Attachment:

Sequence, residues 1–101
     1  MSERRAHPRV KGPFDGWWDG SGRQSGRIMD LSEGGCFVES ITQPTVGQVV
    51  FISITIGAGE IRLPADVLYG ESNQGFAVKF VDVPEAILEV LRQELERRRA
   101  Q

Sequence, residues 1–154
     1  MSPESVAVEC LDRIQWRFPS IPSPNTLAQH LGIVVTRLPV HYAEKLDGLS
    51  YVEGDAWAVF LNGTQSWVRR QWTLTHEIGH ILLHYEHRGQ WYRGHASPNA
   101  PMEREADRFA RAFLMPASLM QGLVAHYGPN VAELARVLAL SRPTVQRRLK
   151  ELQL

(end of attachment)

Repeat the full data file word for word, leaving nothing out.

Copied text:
Sequence, residues 1–101
     1  MSERRAHPRV KGPFDGWWDG SGRQSGRIMD LSEGGCFVES ITQPTVGQVV
    51  FISITIGAGE IRLPADVLYG ESNQGFAVKF VDVPEAILEV LRQELERRRA
   101  Q

Sequence, residues 1–154
     1  MSPESVAVEC LDRIQWRFPS IPSPNTLAQH LGIVVTRLPV HYAEKLDGLS
    51  YVEGDAWAVF LNGTQSWVRR QWTLTHEIGH ILLHYEHRGQ WYRGHASPNA
   101  PMEREADRFA RAFLMPASLM QGLVAHYGPN VAELARVLAL SRPTVQRRLK
   151  ELQL